If you look at the guts of SpringRequestHandler, you’ll notice that it actually implements the RequestHandler class itself and provides a default handleRequest method implementation, that actually retrieves a Spring bean of type RequestHandler and calls that bean’s handleRequest method. You are free to override this method yourself if you want to add any additional logic, but that’s the general gist of it.

More on that - since SpringRequestHandler gets a bean of type RequestHandler and calls that bean’s handleRequest method, that means that all of your main application logic should go in your own implementation of RequestHandler, and this class should be declared a bean.

This might seem not much different than the default AWS programming model. Well you’re right - it’s not. In fact, it’s almost exactly the same. The key difference here though is that now any RequestHandler you implement yourself can take advantage of using Spring’s annotations and dependency injection. All you have to do is register it as a bean.

Here’s an example of your own Spring-enabled request handler:

public class ExampleRequestHandler implements RequestHandler<Request, Response> {

     * These can be anything you want; if they're registered as 
     * Spring beans, they'll be injected below via autowiring.
    private final ExampleServiceA exampleServiceA;
    private final ExampleServiceB exampleServiceB;

     * Dependency injection is handled via autowiring!
    public ExampleRequestHandler(final ExampleServiceA exampleServiceA, final ExampleServiceB exampleServiceB) {
        this.exampleServiceA = Objects.requireNonNull(exampleServiceA, "exampleServiceA");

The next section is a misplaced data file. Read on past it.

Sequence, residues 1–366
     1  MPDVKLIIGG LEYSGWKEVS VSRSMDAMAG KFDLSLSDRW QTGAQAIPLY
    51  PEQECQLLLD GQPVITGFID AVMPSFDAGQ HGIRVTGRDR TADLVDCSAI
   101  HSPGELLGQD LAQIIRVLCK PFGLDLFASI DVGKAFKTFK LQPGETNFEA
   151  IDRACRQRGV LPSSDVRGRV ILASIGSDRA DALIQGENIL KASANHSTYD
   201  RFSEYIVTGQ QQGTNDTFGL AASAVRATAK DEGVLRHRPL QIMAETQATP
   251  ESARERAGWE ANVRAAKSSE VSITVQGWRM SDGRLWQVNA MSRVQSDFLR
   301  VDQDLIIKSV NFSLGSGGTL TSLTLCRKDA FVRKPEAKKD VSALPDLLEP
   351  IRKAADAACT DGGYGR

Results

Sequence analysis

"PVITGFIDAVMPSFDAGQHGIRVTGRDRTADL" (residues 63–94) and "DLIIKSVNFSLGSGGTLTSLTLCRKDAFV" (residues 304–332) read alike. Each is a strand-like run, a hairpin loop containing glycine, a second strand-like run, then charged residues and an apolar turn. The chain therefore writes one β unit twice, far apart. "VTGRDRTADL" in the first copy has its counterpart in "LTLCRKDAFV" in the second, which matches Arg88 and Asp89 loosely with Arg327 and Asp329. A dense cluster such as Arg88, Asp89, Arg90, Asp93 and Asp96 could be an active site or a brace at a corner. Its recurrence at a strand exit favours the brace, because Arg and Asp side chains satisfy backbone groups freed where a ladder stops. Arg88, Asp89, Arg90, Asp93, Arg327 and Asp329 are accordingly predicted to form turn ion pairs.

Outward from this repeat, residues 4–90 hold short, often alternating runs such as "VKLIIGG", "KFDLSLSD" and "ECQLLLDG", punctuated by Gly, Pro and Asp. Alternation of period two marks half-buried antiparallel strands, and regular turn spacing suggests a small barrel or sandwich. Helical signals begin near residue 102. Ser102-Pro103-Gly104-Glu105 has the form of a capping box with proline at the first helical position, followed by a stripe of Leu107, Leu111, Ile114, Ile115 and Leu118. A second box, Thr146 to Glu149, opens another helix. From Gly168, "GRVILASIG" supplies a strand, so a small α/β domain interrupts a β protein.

this.exampleServiceB = Objects.requireNonNull(exampleServiceB, "exampleServiceB");

    public Response handleRequest(final Request input, final Context context) {
        final String responseMessage = "Request message: " + input.getMessage()
                + ", Service A message: " + exampleServiceA.getMessage()
                + ", Service B message: " + exampleServiceB.getMessage();
        final Response response = new Response();
        return response;

Note that we declare this RequestHandler as a bean by use of the @Component annotation. When your AWS Lambda function is run, it will actually invoke the handleRequest method of ExampleRequestHandler (via the MainHandler proxy).

The key to take away here is that in our ExampleRequestHandler class, we are now able to take advantage of using Spring for dependency injection. This means we can inject dependencies, like services, DAOs, etc., via the constructor. This is huge for testability! Since AWS Lambda requires that your handler class have a default, no-arg constructor, dependencies would be typically hardcoded and tough to mock or stub in a testing environment. Now, we have a logic-less MainHandler class which we pass to AWS Lambda’s console, and a fully testable/mockable RequestHandler implementation!

For more information, and a more complete example, please see the docs and example module on Spring AWS Lambda’s Github page. I hope this helps you enjoy using AWS Lambda even more!

  1. I really prefer Kotlin, since the Lambda runtime is really just the JVM and Kotlin works great with Lambda!